Evangelical Christians around the world are rethinking the traditional doctrine of hell as unending conscious torment, and a number of the most respected Bible scholars, teachers and preachers have publicly stated that they do not believe that the traditional view is biblical. For more on that, visit my website at www.EdwardFudge.com/written/fire.html for a variety of multimedia materials, most without financial charge. But that is not what I want to talk about today.
Whether you think of hell as a fire that torments, a fire that consumes, or a fire that purifies, set that thought aside for the time required to read two paragraphs, and think with me about some other questions. Is escaping hell your primary motive for trusting and following Christ? Is it a motive in the preaching recorded in Acts? Whom does Jesus warn about it in the Gospels? Outsiders or his followers? Notorious sinners or religious leaders? What evils elicit his mention of it? Does Jesus thunder hell-fire warnings to prostitutes, dope addicts and low-life criminals? The answers to these questions might surprise us — and teach us something important as well. Jesus specifically mentions hell (gehenna) only 11 times. You will find his statements at Matthew 5:22; 5:29-30; 10:28; 18:9; 23:15, 33; Mark 9:43, 45, 47 and Luke 12:5. The Greek word translated “hell” is not used anywhere else in the Bible except once in James, speaking of the potential evil of the tongue.
Every time Jesus is reported using the word “hell” in teaching, he is talking either to his own disciples or to the Jewish religious leaders known as Pharisees. Twice he encourages the disciples not to be afraid of people, who can do limited harm to them, but to be afraid of God who can destroy the whole person in hell (Matt. 10:28; Luke 12:5). All the other times Jesus mentions hell to his disciples he is warning them not to mistreat or misuse vulnerable women (Matt. 5:29-30), “little ones” (Matt. 18:9; Mark 9:43, 45, 47) or the object of one’s anger (Matt. 5:22). As for as the Pharisees, Jesus warns these rigid and self-righteous morality policemen that God does not approve of their hypocrisy, their external-only religion, or their clone converts (Matt. 23:15, 33). What if we used hell the way Jesus did? Would it change the way we use it now? Would that be a good thing or bad?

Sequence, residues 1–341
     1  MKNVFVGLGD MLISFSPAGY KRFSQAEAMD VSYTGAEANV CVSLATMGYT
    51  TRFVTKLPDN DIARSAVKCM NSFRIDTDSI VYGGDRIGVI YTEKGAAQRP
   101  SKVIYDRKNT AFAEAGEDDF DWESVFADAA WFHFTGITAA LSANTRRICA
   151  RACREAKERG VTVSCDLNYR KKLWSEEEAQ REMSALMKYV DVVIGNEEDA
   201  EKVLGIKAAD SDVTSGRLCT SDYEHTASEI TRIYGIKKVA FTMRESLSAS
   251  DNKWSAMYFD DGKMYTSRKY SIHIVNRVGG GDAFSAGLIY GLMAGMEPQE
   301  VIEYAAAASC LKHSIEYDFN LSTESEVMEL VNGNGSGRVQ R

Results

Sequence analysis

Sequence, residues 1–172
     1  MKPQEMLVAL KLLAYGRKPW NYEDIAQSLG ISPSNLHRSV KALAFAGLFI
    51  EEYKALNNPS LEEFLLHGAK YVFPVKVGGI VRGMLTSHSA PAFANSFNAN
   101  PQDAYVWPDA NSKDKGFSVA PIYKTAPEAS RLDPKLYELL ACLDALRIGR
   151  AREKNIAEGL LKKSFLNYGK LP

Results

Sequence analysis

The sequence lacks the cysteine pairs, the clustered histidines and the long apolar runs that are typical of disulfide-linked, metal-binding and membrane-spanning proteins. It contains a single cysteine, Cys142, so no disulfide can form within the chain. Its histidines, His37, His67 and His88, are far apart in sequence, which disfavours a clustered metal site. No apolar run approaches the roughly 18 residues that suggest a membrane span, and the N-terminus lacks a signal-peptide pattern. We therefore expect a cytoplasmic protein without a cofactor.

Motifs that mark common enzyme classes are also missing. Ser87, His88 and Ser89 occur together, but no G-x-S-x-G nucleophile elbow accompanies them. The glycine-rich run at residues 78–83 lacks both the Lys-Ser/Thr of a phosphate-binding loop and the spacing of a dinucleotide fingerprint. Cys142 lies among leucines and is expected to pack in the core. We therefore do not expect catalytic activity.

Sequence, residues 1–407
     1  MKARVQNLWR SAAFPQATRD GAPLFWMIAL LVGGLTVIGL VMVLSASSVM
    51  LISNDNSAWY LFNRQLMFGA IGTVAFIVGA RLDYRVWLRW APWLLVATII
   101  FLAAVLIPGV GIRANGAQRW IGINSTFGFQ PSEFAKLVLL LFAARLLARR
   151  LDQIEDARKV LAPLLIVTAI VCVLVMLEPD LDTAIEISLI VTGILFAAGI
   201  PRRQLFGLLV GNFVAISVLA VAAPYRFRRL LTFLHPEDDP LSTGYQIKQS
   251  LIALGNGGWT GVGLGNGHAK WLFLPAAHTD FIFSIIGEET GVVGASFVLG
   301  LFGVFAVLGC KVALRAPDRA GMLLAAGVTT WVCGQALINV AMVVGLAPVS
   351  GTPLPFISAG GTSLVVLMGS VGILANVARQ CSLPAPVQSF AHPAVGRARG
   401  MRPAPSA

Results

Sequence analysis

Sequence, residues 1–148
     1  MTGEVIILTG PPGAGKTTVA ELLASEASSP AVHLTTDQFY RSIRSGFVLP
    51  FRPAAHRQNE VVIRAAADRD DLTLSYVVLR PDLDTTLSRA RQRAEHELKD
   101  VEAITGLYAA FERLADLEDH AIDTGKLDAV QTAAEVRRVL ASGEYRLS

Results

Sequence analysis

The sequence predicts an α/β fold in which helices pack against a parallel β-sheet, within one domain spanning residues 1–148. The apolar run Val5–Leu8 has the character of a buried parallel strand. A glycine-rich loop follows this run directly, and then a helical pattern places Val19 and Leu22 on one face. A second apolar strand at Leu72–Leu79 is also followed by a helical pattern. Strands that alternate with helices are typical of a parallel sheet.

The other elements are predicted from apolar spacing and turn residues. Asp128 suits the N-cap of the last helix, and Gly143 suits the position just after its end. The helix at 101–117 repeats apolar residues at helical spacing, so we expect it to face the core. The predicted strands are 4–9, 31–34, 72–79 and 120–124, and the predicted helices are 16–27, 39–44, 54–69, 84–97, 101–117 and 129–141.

The point of Hell
There is considerable discussion these days about the nature of hell. Indeed, I have done my share to stir this discussion and also to participate in it. But there also are practical questions we all need to ask, whatever we think hell will be like. What is the point of hell anyway? Whom does Jesus warn about it? What evils elicit his mention of it? Does Jesus, like many preachers and professing Christians today, thunder hell-fire warnings to unchurched sinners: to prostitutes, drunkards and homosexuals? Does he use hell to spur conversions and to bring people to faith? The answers to these questions might surprise us — and teach us something important as well.
Jesus specifically mentions hell (gehenna) just 11 times in the Gospels. You will find his statements at Matthew 5:22; 5:29-30; 10:28; 18:9; 23:15, 33; Mark 9:43, 45, 47 and Luke 12:5. When we read everything in the Gospels that Jesus said about hell, we find him speaking twice to the Pharisees, warning these rigid and self-righteous morality policemen that God is unhappy with what their teaching turns their converts into and with the hypocrisy of their external-only religion (Matt. 23:15, 33).
Everything else Jesus says about hell is directed to his own disciples. Twice he is encouraging them not to be afraid of those who might oppose them but to be afraid of God who can destroy the whole person in hell (Matt. 10:28; Luke 12:5). Every other time Jesus mentions hell he is warning his own followers not to mistreat or misuse vulnerable people, whether women (Matt. 5:29-30), “little ones” (Matt. 18:9; Mark 9:43, 45, 47) or anyone with whom one might be angry (Matt. 5:22).
What if we used hell the way Jesus did? Would that change the way we use it, whatever we think it will actually be like? Would it change the way we ourselves live and treat others?